Harping Bach to Carolan by Anne-Marie O'Farrell
The material in this recording is drawn from a recital in the "Young Musicians in The Drawing Room" series in Number Twenty Nine. The series is presented in association with Feis Ceoil, Dublin and is held each year during Spring and Autumn. In this programme Anne-Marie demonstrates the veratility of the Irish harp, extending the repertoire for the instrument considerably beyond its traditional frontiers.
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1. Sonatina No.2 in F major -J.Dussek
Jan Ladislav Dussek was a Czech pianist and composer whose gift for melody reflects the grace and elegance which typifies the harp music of his time. This sonatina, one of six he wrote for harp in 1799, was transcribed for Irish harp by Ank van Campen.
2. Folia -Anon. XVIIIth century
Originally from Portugal, the folia was a popular musical form in the 18th, frequently used for songs, dances and sets of variations. This example is a minature set of such variations; the lute-like sound is achieved by playing at the bottom of the harp strings, as opposed to the more resonant mid-string position normally used.
3. Silent O Moyle -arr. Anne-Marie
"Silent O Moyle" became known by this title when Thomas Moore (1779-1852)set his poem of the same name to the traditional Irish air,"My Dear Eveleen". This haunting arrangement depicts Lough Moyle-one of the three Irish lakes where the Children of Lir were forced to spend 300 years in the form of swans.
4. The Tailor's Twist & The
Spey in Spate - arr. Anne-Marie O'Farrell
The first of these two rousing dance tunes is a traditional hornpipe. The second is an exuberantly varied Scottish reel, to which an original ending has been added, further extending the wide tange of this bright and colorful piece.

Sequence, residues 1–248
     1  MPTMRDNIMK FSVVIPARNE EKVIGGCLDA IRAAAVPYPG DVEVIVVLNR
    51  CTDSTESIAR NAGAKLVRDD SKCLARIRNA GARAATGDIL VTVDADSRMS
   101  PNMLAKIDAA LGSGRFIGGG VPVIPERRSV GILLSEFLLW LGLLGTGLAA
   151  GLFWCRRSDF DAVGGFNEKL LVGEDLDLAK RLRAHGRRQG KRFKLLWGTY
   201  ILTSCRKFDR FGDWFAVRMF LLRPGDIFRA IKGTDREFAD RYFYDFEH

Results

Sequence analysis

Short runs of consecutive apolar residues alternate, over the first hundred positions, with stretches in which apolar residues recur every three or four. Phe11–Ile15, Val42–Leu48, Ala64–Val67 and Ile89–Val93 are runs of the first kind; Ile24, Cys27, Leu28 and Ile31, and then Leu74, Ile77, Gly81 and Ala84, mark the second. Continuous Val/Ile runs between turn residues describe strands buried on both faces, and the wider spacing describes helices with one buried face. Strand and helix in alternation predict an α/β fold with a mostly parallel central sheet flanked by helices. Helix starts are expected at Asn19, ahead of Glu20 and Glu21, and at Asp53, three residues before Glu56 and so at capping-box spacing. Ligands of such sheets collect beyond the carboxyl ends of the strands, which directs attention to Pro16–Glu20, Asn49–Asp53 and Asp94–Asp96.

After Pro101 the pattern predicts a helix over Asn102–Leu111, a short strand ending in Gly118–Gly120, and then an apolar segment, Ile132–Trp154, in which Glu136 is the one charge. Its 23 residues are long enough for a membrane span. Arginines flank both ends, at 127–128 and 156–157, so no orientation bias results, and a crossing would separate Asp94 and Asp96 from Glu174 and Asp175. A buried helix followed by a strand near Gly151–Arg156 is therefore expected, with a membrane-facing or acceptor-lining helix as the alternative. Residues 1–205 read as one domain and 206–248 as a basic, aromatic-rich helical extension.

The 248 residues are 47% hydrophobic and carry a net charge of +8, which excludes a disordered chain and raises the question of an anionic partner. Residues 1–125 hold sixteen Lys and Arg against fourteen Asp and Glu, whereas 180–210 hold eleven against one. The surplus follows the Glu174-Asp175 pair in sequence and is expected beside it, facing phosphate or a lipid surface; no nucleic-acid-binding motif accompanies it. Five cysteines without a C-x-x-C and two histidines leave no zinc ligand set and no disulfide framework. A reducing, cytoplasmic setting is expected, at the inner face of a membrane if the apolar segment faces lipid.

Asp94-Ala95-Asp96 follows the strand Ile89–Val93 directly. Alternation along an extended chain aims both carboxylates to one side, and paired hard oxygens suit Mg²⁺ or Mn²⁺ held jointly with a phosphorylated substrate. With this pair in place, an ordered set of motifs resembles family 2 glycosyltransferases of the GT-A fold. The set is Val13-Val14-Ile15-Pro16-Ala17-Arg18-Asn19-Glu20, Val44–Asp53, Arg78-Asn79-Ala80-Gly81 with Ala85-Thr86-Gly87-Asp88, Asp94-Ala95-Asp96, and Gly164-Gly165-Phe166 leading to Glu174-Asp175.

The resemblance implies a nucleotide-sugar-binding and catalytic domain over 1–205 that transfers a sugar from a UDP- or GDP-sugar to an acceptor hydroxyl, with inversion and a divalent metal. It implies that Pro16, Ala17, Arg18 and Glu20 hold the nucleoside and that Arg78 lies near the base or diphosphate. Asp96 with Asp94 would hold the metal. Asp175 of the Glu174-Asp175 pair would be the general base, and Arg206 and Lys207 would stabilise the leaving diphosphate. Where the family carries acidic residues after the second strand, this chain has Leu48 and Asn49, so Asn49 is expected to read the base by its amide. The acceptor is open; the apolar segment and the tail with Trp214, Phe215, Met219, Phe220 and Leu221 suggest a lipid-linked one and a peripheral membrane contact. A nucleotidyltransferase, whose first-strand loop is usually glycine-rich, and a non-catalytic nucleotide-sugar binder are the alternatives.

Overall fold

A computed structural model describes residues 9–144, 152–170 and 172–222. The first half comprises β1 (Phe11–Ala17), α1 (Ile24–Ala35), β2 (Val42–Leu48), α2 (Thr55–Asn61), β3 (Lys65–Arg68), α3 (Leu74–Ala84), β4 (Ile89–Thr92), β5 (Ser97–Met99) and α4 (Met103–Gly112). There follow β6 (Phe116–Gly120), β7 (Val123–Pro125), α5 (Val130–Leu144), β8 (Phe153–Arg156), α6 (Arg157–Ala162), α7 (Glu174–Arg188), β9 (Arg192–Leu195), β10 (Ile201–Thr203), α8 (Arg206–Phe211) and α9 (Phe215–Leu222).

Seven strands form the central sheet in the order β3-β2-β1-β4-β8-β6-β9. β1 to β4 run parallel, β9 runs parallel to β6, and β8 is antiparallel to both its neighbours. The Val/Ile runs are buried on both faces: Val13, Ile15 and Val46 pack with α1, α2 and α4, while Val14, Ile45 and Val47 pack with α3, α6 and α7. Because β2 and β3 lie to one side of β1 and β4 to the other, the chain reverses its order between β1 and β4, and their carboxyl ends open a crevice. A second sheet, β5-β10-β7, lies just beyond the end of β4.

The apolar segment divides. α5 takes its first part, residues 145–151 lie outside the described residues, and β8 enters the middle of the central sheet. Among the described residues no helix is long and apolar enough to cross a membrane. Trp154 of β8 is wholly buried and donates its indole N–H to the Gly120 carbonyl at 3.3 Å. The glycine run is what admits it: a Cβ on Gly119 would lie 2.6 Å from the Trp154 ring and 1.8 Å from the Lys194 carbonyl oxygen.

5. Prelude No. 1 in C major - J.S.Bach
Famous perhaps as a result of its association with the Bach/Gounod "Ave Maria", this prelude is originally from Book 1 of "Bach's Das Wohltemperierte Clavier," dating from 1722. Although it was composed for keyboard instruments of the time, such as the harpsichord or clavichord, it transfers easily to the Irish harp, providing a lovely new addition to its repertoire.
6. Variations on a Theme by Mozart - anon.arr.
Odette le Dentu
This splendid set of variations dates from the XVIIIth century. In this arrangement for Irish harp, the opening theme is followed by six variations, each displaying the possibilities of the instrument in a multiplicity of contrasting ways.
7. A Carolan Suite -arr. Anne-Marie O'Farrell
Irish harp music is dominated by the long shadow of the blind harper and composer, Turlough O'Carolan(1670-1738). This suite which captures something of the baroque spirit of the period, comprises two airs by him-"Lady Dillon" and "Brigid Cruise",-and two attributed to him-"Slainte Bhrea Hewlett" and "Blind Mary". In assembling them into a suite, Anne Marie O'Farrell echoes a popular European practice in Carolan's time.
8. Chorale Variations on Deus Meus Adiuva
Based on a hymn tune by the late Sean Og O Tuama, these variations recreate the atmosphere of the original text,written in a 11th century manuscript by Maol Iosa O Brolchain of Armagh.
9. The Knappogue Medley - A.M.O'Farrell